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  #1  
Old 08-11-2019, 09:41 AM
Eddie P's Avatar
Eddie P Eddie P is offline
 
Join Date: Oct 2007
Location: Reno NV
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Default Recommended book - Engine Out Survival Tactics

I just finished a book by Nate Jaros titled, "Engine Out Survival Tactics". I'd recommend it to any RV aviator who is looking to sharpen up. It's somewhat of an easy read (I finished in a few days while taking notes and looking up relevant information that applies to my RV-8 during the read) It's a good primer for learning or potentially improving on multiple tactics required to effectively manage energy and make decisions to position our aircraft for a successful engine out landing. His approach uses informed decision making, judgment and some simple pilot math. We've all learned the basics and some have gone beyond that basic level. This book helps bridge that gap in a practical way (straight to a field engine outs, overhead arrivals, engine out in IMC arrivals, and more). This information is not a re-hash of the basics from GA instructional flight publications, nor is it exhaustive; but it is a bridge to the kind of information that is harnessed from multiple specialties within aviation and some practical post-event analysis.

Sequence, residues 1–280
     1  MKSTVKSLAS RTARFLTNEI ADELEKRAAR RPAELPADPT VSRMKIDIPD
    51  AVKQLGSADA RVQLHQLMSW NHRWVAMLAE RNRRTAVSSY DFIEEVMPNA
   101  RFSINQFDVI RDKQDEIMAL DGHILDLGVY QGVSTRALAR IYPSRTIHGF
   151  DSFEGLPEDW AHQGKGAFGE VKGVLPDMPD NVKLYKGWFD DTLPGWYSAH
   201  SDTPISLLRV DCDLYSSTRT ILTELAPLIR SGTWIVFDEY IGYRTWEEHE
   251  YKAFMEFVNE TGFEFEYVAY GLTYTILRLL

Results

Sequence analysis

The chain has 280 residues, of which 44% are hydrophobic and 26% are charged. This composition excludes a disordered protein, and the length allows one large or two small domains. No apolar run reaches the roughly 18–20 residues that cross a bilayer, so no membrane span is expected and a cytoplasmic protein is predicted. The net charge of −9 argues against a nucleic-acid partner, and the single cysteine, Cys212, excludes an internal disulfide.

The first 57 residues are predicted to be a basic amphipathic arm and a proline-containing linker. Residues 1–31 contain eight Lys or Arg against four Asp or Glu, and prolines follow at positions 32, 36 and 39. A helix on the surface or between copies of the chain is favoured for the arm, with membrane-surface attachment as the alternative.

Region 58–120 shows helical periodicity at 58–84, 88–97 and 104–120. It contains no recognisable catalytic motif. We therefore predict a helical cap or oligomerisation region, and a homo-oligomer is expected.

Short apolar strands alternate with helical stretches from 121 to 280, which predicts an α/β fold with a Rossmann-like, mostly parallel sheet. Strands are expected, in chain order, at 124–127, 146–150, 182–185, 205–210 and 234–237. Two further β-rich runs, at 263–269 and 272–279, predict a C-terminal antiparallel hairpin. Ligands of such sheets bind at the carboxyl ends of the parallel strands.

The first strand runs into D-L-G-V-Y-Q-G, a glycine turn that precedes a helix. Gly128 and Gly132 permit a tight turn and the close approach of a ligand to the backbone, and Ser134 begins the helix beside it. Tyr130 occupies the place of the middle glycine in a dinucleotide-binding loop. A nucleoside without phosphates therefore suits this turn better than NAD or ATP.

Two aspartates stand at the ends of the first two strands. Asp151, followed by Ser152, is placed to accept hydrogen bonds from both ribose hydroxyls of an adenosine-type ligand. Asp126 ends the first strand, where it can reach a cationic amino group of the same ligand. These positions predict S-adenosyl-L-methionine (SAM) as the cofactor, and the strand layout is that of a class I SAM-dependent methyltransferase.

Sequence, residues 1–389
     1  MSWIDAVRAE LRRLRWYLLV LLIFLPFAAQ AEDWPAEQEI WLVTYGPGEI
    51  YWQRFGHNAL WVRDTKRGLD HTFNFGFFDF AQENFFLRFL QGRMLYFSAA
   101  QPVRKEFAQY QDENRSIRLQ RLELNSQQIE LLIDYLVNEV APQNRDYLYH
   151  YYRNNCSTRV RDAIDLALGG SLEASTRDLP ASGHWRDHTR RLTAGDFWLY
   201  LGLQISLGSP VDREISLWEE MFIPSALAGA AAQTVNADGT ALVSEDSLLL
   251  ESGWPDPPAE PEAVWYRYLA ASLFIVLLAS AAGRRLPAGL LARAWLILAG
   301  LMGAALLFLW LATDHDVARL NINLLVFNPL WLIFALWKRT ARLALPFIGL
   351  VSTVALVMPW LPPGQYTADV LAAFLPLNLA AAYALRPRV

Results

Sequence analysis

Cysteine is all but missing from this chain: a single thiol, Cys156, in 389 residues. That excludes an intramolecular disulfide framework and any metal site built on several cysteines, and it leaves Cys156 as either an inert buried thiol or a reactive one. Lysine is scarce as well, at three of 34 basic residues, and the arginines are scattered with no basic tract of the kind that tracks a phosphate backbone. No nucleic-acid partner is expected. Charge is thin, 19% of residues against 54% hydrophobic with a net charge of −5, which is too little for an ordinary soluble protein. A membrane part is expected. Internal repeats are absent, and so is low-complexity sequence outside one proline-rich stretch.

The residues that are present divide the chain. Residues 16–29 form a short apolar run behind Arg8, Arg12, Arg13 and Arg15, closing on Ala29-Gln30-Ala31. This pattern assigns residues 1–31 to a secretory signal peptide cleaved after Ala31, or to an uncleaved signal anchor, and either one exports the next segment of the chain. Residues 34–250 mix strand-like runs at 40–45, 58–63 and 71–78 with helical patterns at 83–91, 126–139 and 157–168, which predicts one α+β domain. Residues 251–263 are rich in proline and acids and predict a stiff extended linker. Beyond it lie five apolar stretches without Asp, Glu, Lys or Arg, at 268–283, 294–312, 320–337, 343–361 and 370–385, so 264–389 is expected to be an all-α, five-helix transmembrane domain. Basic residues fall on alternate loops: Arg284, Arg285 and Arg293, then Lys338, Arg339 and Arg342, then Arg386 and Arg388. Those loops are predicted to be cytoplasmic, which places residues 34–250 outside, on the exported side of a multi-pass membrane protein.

One thing to note is while the book is written from the perspective of a V35 Bonanza used as a base line aircraft, he mentions and suggests RV8 and RV-7 glide ratios and these are generic and not necessarily completely accurate (They are good, but can be fine tuned to your configuration and he gives great advice on how to accurately and safety test while practicing engine out glides). There are also, of course, a few good threads here on VAF on "Glide Ratios" for our aircraft. Keep in mind a lot depends on the specific propeller system used and aircraft layout (ie: cowl used, aerodynamic improvements, or how effective the basic speed fairings are on each aircraft). Our VAF member Kevin Horton maintains a great web page resource based on his RV-8 with a lot of actual test data from his flight test program. Since he's a professional test pilot, there are accurate and well presented data points to reference and consider, while reading this book. I humbly suggest taking notes along the way and getting to know the numbers behind the numbers as you read. It will be interesting at the very least and powerful at the best when that knowledge is used properly *if* the need ever arises.